UPDATE #3: Another company takes action. On September 24, 2019, SC Johnson is also ending its membership with the Plastic Industry Association—it's the largest consumer product maker to do so yet! Demand the rest do the same!
UPDATE #2: We're equally as excited to announce that on July 23, 2019, Coca-Cola and PepsiCo both announced they would also be ending their membership with the Plastic Industry Association! Keep pressuring the rest!
UPDATE #1: We're excited to announce we've heard from Benno Dorer, the chairman and CEO of Clorox, that they will NOT be renewing their memberships in the Plastic Industry Association in 2019! Read more here.
Every minute the equivalent of an entire garbage-truck–size load of plastic gets dumped into our oceans. In the United States, stores distribute 100 billion single-use plastic bags per year, many of which end up in our waterways.
And it's not slowing down.
The Plastic Industry Association (PLASTICS) and its lobbying arm, the American Progressive Bag Alliance (APBA), are working diligently to keep us reliant on disposable plastic products, known as single-use plastics. These products include things many of us use every day, from plastic shopping bags to straws to styrofoam containers.
Fortunately for our planet, local communities across the nation are working to move us away from our "one and done" habits. Nearly 350 cities and towns have enacted local ordinances on plastics, such as plastic bag fees or single-use bag bans. These community-driven actions have been shown to keep plastic out of our oceans and litter off of our streets.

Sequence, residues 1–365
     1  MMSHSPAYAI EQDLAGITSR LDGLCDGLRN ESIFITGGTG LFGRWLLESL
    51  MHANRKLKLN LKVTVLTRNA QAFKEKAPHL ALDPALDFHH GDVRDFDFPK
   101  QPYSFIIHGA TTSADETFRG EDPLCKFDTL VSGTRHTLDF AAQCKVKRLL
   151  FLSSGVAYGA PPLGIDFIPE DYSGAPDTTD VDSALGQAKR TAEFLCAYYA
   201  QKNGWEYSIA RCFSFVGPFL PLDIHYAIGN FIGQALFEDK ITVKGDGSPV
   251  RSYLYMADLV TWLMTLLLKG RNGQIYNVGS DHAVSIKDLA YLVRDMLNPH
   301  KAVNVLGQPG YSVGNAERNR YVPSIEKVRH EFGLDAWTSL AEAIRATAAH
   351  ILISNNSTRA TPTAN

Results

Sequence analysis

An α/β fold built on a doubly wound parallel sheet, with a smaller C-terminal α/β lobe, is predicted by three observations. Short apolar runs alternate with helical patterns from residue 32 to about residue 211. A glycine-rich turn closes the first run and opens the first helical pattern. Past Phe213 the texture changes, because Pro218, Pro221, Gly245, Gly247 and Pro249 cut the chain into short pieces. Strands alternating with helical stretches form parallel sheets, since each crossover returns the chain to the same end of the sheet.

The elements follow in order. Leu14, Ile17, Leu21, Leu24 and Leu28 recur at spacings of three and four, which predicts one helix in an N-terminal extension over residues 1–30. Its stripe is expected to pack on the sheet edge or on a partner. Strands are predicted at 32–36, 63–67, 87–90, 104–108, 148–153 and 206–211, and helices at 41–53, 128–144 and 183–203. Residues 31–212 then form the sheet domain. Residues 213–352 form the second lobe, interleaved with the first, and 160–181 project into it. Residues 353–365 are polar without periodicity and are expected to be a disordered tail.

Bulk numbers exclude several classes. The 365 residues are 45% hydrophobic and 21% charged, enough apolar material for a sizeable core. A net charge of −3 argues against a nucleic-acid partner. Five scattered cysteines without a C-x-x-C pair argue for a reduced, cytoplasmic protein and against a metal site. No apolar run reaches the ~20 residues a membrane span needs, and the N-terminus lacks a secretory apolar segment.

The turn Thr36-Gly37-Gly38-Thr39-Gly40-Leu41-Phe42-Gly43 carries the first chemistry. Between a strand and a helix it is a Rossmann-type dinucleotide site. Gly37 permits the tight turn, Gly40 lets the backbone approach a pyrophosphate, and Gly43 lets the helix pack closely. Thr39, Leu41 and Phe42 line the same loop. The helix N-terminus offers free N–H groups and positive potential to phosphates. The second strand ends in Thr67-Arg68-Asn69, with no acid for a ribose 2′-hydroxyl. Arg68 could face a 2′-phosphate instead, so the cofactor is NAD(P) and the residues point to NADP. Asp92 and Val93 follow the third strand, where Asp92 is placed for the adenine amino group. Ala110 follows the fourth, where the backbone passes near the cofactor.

Unfortunately, PLASTICS is scheming to stop local grassroots solutions to our pollution problem, and its supported by companies such as Coca-Cola and Clorox.
With the help of draft legislation from the American Legislative Exchange Council (ALEC), the industry association has successfully blocked 70 million Americans in 10 states from enacting bag ordinances to reduce litter and environmental pollution. The industry association lobbyists are also working to pass new preemptive laws in other states, including Ohio and South Carolina.
While the Plastic Industry Association does not release its full member list, a review of the committees posted on its website shows that many companies that are publicly committed to corporate social responsibility and environmental performance goals are members of PLASTICS. By funding the industry association, these companies are actively supporting PLASTICS's lobbying efforts.
We're starting with nine consumer-product companies that have all made pledges toward environmental action:
Ascena Retail Group, apparel retailer (owner of Ann Taylor, LOFT, Justice)
Clorox, consumer products (owner of Burt’s Bees and Britta)
Coca-Cola, food and beverage products
PepsiCo, food and beverage products
General Motors, automotive products
Ford Motor Company, automotive products
Milliken, textile products
Newell Rubbermaid, consumer products
SC Johnson, consumer products